The other aspect of this is the chemistry and the playoff experience. When Kesler was traded to Anaheim during the offseason of 2013-2014 season, he had already played 57 games in the playoffs. He scored 38 points overall in those 57 games, 12 of which were goals. The best playoff performance Kesler had was in the 7 games he played in the Stanley Cup Final in 2011, which the Vancouver Canucks eventually lost to the Boston Bruins. Anaheim is well known for losing Game 7s and part of me likes to believe this is one of the main reasons why the Ducks traded for and re-signed him.

The chemistry he brought to the team had an immediate impact once Kesler joined the Ducks, making it to the Western Conference Final in his first season with the club. Kesler ended up scoring 13 points in 16 games with 7 goals during that playoff year. The second season into his Ducks tenure they lost in 7 games. However, in those two Game 7s, the Kesler was arguably the team’s best player with a goal in each contest as well as an average CF% of 69.66, indicating his dominance in driving play while he was on the ice.

As for the regular season this past year (the first year of Kesler’s new contract) he scored the 2nd most points on the team, beating out Corey Perry by 5 points. Again, Kesler helped this team to the Western Conference Finals this past year. Most of us didn’t know, but Kesler in fact was playing with an injury. Just so everyone gets a full picture, he was playing with broken bone fragments in his leg. Again, BROKEN BONE FRAGMENTS!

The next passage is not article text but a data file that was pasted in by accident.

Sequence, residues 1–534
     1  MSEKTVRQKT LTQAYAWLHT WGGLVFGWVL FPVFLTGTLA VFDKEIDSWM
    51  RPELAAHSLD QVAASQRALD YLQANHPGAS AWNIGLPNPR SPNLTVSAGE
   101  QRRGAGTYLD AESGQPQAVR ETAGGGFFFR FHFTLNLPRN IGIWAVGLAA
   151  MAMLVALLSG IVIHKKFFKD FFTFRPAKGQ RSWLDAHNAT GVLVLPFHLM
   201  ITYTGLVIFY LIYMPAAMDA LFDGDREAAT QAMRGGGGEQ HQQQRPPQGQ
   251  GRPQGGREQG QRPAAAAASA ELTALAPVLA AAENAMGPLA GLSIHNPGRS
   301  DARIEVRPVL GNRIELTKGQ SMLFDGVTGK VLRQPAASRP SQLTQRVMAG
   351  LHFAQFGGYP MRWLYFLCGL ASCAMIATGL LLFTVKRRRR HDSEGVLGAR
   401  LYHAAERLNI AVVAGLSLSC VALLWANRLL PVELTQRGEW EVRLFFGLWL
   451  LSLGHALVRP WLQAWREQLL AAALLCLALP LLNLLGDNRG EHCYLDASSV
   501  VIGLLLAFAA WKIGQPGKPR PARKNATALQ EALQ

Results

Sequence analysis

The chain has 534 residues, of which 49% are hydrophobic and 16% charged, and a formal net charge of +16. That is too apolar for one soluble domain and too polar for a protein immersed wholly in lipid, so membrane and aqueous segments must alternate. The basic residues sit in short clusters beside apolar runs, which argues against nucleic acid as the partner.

Now, the Anaheim Ducks are an aging team; we all know this. The franchise players are coming to the point in their careers where they only have 1-2 more seasons left of elite hockey, maybe less. Yes, Murray more than likely signed Kesler to his retirement contract, but why didn’t he deserve it? He works his tail off every game and fights through injuries and makes no excuses while doing it. He is unquestionably one of the hardest working players out on the ice. Often times the market has shown us that you have to pay up for that kind of player because of the hard work and dedication he has to wining.